Pubs are hot property and wineries remain highly sought-after by buyers. But what are the options for everyday investors?


A record $2.2 billion worth of pubs changed hands in 2022.

The ASX is home to some big hitters: Australia's largest pub operator Endeavour Group (EDV), the largest pub landlord Charter Hall Group (CHC) and the biggest wine producer Treasury Wine Estates (TWE).

But there are only a few pure-play wine or pub stocks among the listed options for investors thirsty to add hotels or wineries to their ASX portfolios.

Pubs are hot property

A record $2.2 billion worth of pubs changed hands in 2022, according to HTL Property (formerly called Ray White Hotels). That's up from $2 billion in freehold going concern sales, where both the property and business are acquired, in 2021.

"We know this year will be another strong year, there's no doubt," HTL managing director Andrew Jolliffe says.

A local family bought Sydney's iconic The Oaks Hotel in Neutral Bay in February for close to its $175 million asking price. While the exact price has not been confirmed, it would beat the record set by last year's near-$160 million sale of western Sydney’s Crossroads Hotel to a private hotel group.

Prominent hotel owners like Justin Hemmes and the Laundy family, experienced publicans, individual private investors, families, institutional investors and real estate investment trusts (REITs) have been buying pubs.

Ray White Commercial head of research Vanessa Rader says food and gaming are driving forces for the pubs market.

She says pubs now have a higher quality food offering and appeal to a range of patrons, while those with accommodation have also benefited from increased tourism.

Rader says gaming is a big revenue source for pubs and the value of the limited number of gaming machine entitlements has grown, although there are also regulatory issues.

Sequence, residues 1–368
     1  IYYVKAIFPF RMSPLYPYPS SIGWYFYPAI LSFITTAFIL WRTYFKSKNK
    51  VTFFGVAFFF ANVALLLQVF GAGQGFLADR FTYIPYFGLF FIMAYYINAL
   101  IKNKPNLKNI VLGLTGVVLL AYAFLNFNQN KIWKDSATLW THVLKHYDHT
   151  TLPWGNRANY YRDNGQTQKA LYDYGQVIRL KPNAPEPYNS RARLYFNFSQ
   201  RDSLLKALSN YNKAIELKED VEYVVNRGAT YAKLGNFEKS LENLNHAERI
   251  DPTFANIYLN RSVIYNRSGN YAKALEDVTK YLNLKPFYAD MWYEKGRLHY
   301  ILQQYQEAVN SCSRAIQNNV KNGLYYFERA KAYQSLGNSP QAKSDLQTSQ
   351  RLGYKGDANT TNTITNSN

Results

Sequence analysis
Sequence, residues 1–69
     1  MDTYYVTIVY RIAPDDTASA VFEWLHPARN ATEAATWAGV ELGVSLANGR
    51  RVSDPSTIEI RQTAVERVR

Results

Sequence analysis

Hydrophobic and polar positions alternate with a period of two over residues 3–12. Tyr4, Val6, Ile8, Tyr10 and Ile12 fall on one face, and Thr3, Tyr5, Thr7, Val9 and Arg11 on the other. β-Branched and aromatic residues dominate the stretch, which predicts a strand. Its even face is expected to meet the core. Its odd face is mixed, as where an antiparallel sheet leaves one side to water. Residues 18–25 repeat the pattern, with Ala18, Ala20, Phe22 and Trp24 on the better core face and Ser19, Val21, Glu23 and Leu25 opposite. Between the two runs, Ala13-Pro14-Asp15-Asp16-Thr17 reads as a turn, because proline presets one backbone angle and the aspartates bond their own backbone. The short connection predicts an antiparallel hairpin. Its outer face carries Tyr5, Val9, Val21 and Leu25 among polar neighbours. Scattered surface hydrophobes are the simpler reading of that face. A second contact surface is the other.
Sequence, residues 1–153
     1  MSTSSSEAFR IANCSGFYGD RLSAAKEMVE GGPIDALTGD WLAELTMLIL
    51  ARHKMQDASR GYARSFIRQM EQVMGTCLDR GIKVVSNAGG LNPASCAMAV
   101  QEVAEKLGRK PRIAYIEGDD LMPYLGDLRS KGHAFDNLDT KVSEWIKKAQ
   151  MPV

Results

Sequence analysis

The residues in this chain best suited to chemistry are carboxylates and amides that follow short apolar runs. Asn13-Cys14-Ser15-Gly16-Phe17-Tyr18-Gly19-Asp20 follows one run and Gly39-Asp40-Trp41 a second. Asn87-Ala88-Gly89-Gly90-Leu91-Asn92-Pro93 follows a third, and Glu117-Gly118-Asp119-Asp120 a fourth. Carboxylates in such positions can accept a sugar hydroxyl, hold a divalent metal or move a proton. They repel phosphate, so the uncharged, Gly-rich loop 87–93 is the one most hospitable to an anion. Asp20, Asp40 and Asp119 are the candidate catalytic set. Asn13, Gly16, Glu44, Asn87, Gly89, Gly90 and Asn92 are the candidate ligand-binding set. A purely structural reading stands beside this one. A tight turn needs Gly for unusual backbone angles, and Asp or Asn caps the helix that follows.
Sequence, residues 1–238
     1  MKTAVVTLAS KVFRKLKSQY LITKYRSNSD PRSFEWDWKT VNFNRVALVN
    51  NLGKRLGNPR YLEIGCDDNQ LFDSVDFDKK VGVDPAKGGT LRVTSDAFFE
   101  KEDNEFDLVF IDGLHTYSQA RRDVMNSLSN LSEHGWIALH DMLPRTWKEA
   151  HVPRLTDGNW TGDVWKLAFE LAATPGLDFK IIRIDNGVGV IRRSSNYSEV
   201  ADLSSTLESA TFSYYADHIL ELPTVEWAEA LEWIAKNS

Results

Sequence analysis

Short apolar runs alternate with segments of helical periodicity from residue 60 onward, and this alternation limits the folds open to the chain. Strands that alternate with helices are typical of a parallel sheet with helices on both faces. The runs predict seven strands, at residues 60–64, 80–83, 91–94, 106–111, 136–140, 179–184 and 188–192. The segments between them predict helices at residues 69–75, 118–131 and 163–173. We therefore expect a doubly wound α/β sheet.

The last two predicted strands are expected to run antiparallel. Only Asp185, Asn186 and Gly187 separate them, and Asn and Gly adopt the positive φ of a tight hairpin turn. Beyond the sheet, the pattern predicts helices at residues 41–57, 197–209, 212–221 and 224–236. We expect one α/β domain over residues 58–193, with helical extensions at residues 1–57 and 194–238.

"There is still certainly demand for pubs. And while we are still happy to go out and eat out and frequent the local pub, they will continue to be a very lucrative investment opportunity for a lot of people."

Jolliffe says there are several drivers behind the interest in pubs, including the sites' development potential.

Pubs are typically situated on high streets or corners which restricts the number of available sites, there are high barriers to entry including regulatory approvals and the business model is cash flow positive.

"There's very few things that can replicate the experience of going to a traditional hotel… the food, beverages, retail, accommodation, gaming, entertainment - all of that is in one spot," Jolliffe adds.

How to invest in pubs on the ASX

Property fund manager Charter Hall became Australia's largest pub landlord in 2021 when its Charter Hall Long WALE REIT (CLW) and superannuation fund Hostplus acquired ALE Property Group in a $1.6 billion deal.

Charter Hall Long WALE REIT and Hostplus own more than 140 hotels and taverns after adding ALE's 78 pubs including iconic venues Melbourne's Young & Jackson and Sydney's Crows Nest Hotel.

Young and Jackson in Melbourne

The Young and Jackson in Melbourne is one of 140 pubs owned by Charter Hall Long WALE REIT. Picture: Getty

The pubs are part of the REIT's diversified real estate portfolio totalling 550 properties.

Morningstar equity analyst Alex Prineas says the REIT has a high-quality portfolio with long leases to strong tenants - the biggest being Endeavour and government agencies - that are unlikely to miss a rent payment and are responsible for most costs.

Prineas says about half its income is linked to inflation, which helps offset rising debt costs faced by property trusts.

Morningstar views Charter Hall Long WALE REIT as undervalued.

"We think it's a pretty attractive REIT," Prineas says.

"It's a very uncertain outlook at the moment in the economy, whereas this REIT's earnings are fairly secure because of those strong leases to strong tenants."

Hotel Property Investments (HPI), which Morningstar views as fairly valued, is the only pure-play pub portfolio on the ASX.

Most of its 59 properties are in Queensland and leased to Queensland Venue Company, a joint venture between Coles and Australian Venue Co.